In a partial retreat from an earlier statement that formed a cornerstone of his defense, D.C. City Council Chairman Sterling Tucker has acknowledged under oath that he never discussed the propriety of his employment at Howard University with Sen. Thomas F. Eagleton, former chairman of the Senate District Committee.

Contending that Tucker's work at the school violated the Home Rule Charter's restrictions on outside employment by the Council chairman, D.C. Corporation Counsel John R. Risher Jr. asked the Superior Court on June 6 to remove Tucker from office.

Tucker said at the time - and has publicly maintained since that his employment was not improper. "I believe it's clear," he said, that I accepted the Howard lecturing assignment only after seeking and receiving assurances from the leadership of the appropriate congressional committees, before I began the assignment, that I would not be in violation of the Home Ruled Act."

In a deposition taken July 22 as part of the case, however, Tucker conceded under questioning from Risher that he had discussed the propriety of the Howard job only with Robert Harris, who was then chief legal counsel to the Senate committee.

"I did not have direct conversation with Sen. Eagleton," Tucker said. "Robert Harris related to me the senator's position."

Tucker said in the deposition that he did discuss the legality of his work at Howard with Eagleton's counterpart, House District Committee Chairman Charles C. Diggs Jr. (D-Mich.). But Tucker received only an informal verbal assurance from Diggs that the Howard job would be proper, according to the court papers.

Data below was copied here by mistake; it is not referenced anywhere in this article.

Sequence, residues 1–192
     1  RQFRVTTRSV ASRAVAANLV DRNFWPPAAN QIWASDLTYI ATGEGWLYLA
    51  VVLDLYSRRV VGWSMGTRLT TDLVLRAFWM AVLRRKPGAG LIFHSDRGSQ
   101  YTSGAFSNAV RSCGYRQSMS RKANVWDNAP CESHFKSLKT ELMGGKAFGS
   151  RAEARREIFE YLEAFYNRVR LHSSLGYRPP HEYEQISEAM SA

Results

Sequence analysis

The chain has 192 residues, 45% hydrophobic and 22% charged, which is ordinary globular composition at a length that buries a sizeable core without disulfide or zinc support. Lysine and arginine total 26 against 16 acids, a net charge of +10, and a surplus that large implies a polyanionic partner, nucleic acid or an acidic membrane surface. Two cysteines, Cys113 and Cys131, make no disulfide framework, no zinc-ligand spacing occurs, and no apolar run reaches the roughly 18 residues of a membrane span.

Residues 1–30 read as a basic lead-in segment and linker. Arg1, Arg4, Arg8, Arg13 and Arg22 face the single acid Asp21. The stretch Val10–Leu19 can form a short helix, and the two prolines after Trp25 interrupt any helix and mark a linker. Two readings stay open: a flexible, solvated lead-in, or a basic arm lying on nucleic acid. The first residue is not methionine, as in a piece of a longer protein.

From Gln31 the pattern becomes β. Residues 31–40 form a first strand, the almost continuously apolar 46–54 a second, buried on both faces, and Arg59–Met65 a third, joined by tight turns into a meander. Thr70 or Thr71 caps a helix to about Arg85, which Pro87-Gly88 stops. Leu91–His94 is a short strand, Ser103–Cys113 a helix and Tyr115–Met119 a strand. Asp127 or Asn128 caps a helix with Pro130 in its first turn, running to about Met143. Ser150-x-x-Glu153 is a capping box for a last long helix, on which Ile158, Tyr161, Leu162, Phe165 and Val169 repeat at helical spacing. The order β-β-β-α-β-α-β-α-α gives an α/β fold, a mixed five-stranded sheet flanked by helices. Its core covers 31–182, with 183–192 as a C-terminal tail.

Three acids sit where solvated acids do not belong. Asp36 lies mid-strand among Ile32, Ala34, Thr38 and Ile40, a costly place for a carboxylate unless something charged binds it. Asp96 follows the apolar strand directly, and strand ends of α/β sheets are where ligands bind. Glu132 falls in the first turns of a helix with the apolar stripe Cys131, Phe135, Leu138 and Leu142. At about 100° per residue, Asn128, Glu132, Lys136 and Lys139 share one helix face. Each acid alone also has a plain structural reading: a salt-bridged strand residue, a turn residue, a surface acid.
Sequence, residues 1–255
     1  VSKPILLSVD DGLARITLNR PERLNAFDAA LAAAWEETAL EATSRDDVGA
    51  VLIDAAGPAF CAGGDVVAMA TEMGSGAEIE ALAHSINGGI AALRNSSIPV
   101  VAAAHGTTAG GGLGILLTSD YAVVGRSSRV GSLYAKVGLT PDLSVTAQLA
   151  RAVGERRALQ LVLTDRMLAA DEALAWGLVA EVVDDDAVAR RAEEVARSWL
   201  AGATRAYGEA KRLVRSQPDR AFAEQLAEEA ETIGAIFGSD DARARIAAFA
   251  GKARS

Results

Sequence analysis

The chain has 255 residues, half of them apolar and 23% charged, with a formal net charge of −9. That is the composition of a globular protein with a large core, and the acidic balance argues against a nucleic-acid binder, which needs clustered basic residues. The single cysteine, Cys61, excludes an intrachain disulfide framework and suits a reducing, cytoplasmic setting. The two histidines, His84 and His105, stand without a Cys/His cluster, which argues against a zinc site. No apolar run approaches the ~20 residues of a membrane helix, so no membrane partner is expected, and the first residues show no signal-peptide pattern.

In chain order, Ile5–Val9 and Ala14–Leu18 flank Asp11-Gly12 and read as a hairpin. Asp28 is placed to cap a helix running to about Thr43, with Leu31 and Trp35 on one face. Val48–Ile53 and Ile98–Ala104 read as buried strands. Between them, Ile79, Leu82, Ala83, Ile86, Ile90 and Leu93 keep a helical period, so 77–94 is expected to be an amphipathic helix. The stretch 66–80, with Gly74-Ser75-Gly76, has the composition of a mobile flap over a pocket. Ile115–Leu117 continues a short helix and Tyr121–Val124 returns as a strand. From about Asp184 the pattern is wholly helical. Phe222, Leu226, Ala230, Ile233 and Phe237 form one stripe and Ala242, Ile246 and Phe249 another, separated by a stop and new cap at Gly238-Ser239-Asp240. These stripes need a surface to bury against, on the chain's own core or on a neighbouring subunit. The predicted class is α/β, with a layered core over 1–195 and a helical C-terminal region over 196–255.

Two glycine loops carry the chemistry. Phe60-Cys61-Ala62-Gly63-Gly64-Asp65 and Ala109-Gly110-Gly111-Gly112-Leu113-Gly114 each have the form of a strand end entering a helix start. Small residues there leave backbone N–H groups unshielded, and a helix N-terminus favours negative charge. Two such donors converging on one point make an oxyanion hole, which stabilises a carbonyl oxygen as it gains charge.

When he later wrote to Diggs asking for an official response, Tucker again was given a verbal assurance, but this time by Robert B. Washington Jr., who then was chief counsel to the House committee.

Risher, citing the testimony, said yesterday that Tucker's reliance on those statements "was not in good faith and was unfounded," and again asked the court to declare the Council chairman in violation of the law and oust Tucker from office.

Risher's request yesterday came in what are expected to be the final papers filed by both sides before the Oct. 19 date set by Judge Harold H. Greene to hear oral arguments in the case.

Risher in court papers filed last week, broadened the accusations by contending that Tucker's employment at Howard and his receipt of lecturing fees from a private Washington foundation also violated the city's conflict of interest codes.

Tucker's lawyers also filed legal papers yesterday and in effect, reiterated their contentions that nothing improper was done and Tucker should not be removed from the office for four major reasons.

Those reasons are that Tucker, with the assurance of congressional leaders, undertook the job in good confidence and did not try to conceal his income from it; that the employment was not prohibited by law; that Risher's contentions are meaningless because Tucker stopped lecturing at Howard on May 31; and that even if Tucker did violate the law, removal from office is too harsh a form of punishment.

Tucker's lawyers alleged that by adding the conflict-of-interest charges late in the court proceedings, Risher had attempted to commit "character assassination" of the Council chairman.

Tucker worked as a lecturer in the Howard School of Social Work from 1974 to 1976 and received $18,000 in pay, according to the court papers. His job was to teach a course in urban planning - which frequently met at his office in the District Building and attended City Council meetings - and to deliever lectures.

The other major income of Tucker's under contention is $2,250 he received in 1976 and 1977 from the Washington Workshops Foundation, a nonprofit group that runs seminars to teach youths about government. Risher contends that Tucker's work for Howard and the foundation was nothing more than "an extension of his position as chairman, pursued for profit."